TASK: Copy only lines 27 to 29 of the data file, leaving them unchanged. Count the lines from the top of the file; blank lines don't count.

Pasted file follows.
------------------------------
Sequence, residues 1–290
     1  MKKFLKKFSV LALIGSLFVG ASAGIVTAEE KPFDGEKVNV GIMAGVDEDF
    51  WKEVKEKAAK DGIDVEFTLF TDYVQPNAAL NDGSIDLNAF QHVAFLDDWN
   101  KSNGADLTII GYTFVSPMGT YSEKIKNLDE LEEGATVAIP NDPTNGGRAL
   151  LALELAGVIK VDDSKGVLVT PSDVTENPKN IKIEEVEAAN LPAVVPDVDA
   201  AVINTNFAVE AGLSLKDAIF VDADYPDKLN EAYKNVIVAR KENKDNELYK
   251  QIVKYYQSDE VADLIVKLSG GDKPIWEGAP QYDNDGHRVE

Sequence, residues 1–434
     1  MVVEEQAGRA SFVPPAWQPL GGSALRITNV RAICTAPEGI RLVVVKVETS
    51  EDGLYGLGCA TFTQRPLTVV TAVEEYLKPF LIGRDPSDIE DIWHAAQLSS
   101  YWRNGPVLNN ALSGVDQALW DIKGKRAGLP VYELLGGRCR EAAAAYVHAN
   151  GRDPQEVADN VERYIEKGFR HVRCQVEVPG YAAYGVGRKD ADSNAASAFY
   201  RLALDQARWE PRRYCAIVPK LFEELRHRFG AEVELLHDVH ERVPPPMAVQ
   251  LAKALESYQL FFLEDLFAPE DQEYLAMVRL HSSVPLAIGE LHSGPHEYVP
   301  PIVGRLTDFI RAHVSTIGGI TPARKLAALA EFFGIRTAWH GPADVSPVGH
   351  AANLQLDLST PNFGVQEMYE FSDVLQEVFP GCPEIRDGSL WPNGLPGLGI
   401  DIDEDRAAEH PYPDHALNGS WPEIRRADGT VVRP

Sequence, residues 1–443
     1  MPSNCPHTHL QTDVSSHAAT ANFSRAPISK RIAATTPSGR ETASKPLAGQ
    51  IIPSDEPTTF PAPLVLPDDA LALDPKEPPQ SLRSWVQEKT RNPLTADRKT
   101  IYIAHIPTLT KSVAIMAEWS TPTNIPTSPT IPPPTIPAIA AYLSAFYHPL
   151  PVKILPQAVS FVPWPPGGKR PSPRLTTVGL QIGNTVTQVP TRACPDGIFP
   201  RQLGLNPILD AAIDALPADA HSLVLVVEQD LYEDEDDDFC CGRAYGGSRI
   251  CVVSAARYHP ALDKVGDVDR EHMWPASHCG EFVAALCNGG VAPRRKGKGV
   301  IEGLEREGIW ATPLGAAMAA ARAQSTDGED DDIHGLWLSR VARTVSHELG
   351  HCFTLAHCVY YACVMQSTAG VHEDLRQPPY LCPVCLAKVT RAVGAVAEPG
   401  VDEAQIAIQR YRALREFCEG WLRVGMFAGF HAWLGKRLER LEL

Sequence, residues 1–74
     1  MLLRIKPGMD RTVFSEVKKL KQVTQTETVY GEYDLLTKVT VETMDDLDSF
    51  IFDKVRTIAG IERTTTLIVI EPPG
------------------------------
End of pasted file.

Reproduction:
   401  VDEAQIAIQR YRALREFCEG WLRVGMFAGF HAWLGKRLER LEL

Sequence, residues 1–74
     1  MLLRIKPGMD RTVFSEVKKL KQVTQTETVY GEYDLLTKVT VETMDDLDSF